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Proliferation and Differentiation of Neural Stem Cells

Fig. The picture was obtained by Sara Bragado Alonso in the lab and it shows a mouse dentate gyrus infected with viruses expressing either RFP (red) or GFP (green). The experiment eventually revealed to be useless but the picture is great nonetheless.

Essentially all cells of the central nervous system are generated during embryonic development by neural stem cells (NSC). A small population of NSC persists in specific areas of the adult brain where they generate new neurons throughout life. Our goal is to understand the mechanisms underlying the expansion of NSC in order to control the generation of neurons in the mammalian brain. Controlling neurogenesis during development or adulthood is important not only to understand brain development and the role of adult neurogenesis in cognitive function but also to use NSC for brain recovery during aging, neurodegenerative disease or injury.

Previous and current research

It’s just a matter of Time

Neural stem cells (NSC), like any other somatic stem cell, can divide to generate either two identical stem cells (proliferative division) or more differentiated cells, such us neurons (differentiative division). We found that the length of the G1 phase of the cell cycle acts as a switch determining whether a NSC will undergo a proliferative vs. differentiative division (Fig. 1A). In essence, stem cells need Time in order to differentiate and this is provided during G1. The cool part is that we can change G1 as we wish… well, sort of. more

Future projects and goals

If you endured reading through "Previous and Current Research" and could understand more than the average editor usually does, then you must also be able to have a fair idea of our future ambitions.

Otherwise you can also watch Sara's video, which pretty much explains part of the immediate future research. If you want to know more, contact us. 

Selected publications

Artegiani B, de Jesus Domingues AM, Bragado Alonso A, Brandl E, Massalini S, Dahl A and Calegari F (2014) Tox: A multifunctional transcription factor and novel regulator of mammalian corticogenesis. EMBO J, 34:896-910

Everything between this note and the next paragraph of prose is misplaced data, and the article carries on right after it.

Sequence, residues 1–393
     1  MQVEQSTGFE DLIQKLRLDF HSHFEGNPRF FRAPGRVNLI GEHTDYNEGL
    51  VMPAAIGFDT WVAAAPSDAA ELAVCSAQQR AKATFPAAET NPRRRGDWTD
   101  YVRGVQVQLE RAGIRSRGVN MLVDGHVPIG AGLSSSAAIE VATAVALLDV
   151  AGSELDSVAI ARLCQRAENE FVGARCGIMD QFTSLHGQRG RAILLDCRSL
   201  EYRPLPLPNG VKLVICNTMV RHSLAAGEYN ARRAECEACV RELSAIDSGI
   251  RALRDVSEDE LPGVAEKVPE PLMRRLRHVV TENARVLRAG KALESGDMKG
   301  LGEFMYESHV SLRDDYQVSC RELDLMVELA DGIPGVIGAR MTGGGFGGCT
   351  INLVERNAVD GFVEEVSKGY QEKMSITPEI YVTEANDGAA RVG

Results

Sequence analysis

Borrell V and Calegari F (2014) Mechanisms of brain evolution: regulation of neural progenitor cell diversity and cell cycle length. Neurosci Res. 86:14-24

Aprea J, Prenninger S, Dori M, Ghosh T, Monasor LS, Wessendorf E, Zocher S, Massalini S, Alexopoulou D, Lesche M, Dahl A, Groszer M, Hiller M, Calegari F (2013) Transcriptome sequencing during mouse brain development identifies long non-coding RNAs functionally involved in neurogenic commitment. EMBO J. 32:3145-60.

Nonaka-Kinoshita M, Reillo I, Artegiani B, Martinez M, Nelson M, Borrell V and Calegari F (2013) Regulation of cerebral cortex size and folding by expansion of basal progenitors. EMBO J, 32:1817-28

Artegiani B, Lindemann D and Calegari F (2011) Overexpression of cdk4 and cyclinD1 triggers a greater expansion of neural stem cells in the adult mouse brain. J Exp Med, 208:937-48

Lange C, Huttner WB and Calegari F (2009) Cdk4/cyclinD1 overexpression in mouse neural stem cells shortens G1, delays neurogenesis and promotes the generation and expansion of basal progenitors. Cell Stem Cell, 5:320-31. Commentary in Cell, Neurobiology Select series 139:7

Contact

Group Leader

Prof. Dr. Federico Calegari
federico.calegari[at]tu-dresden.de


Assistant to Group Leader

Jeannette Hoppe
jeannette.hoppe[at]tu-dresden.de

Phone: +49 (0)351 458 82000

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